Half Filipino but raised in typical American culture, the only thing I knew about Filipinos were loud parties at my relative’s house where singing bad karaoke was just as important as the overflowing pot of white rice. The Philippines was that mysterious country from whence uncles and aunties occasionally sent us ambitiously-taped boxes stuffed full of florescent souvenir t-shirts, banana chips, and weird milk candies.
What did it mean to be “Filipino American?” I couldn’t fully answer that question. I didn’t know where to even begin a search like that.
And then one day I decided to apply for Peace Corps.
“After an in-depth 60-page application, two essays, an interview, months of medical tests, doctors signatures, and several pestering phone calls to the Peace Corps office, I finally received an official letter in the mail.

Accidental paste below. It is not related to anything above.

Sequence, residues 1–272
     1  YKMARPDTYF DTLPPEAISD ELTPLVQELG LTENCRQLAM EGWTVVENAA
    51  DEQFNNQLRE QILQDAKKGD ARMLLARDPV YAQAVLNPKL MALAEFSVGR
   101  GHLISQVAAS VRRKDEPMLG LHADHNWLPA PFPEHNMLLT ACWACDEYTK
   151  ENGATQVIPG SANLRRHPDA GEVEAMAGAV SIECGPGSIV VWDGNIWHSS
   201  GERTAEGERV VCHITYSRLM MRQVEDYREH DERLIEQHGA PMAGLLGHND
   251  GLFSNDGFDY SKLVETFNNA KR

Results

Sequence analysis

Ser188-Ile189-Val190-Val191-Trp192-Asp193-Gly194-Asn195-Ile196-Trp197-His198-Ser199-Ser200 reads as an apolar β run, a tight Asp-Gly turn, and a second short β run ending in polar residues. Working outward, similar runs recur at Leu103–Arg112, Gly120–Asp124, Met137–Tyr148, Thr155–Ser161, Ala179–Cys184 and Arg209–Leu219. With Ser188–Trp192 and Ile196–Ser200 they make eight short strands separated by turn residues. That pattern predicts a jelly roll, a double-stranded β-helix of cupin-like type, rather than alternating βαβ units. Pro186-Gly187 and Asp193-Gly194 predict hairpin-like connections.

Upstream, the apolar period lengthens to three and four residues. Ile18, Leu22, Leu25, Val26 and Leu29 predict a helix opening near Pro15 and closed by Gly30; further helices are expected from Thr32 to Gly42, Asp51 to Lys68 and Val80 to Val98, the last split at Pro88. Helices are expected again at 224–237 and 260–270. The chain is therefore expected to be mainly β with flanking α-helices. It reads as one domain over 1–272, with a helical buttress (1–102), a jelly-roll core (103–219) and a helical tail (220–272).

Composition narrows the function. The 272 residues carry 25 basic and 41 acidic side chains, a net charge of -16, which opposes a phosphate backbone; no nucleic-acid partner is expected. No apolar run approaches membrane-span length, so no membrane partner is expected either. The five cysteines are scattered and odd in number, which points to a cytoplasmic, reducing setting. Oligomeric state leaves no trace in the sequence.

“Congratulations,” it began. You have been selected to serve as a Peace Corps Volunteer in the Philippines.” The Philippines?! How I fell on my bed in an ecstatic dreamy state with a calmness that could only be attributed to shock and awe. My quest of self-identity had arrived at my front door, literally, in the form of a thick government issued envelope.”
From the moment of stepping off the plane on an unbearably hot, humid night in a foreign land, I began a journey of self-discovery, a search for self-identity, and a life full of unimaginable experiences, agonizing challenges, and unforgettable moments. My book recounts those experiences as a way to make sense of my service and understand more fully who I am and where I’m heading now.
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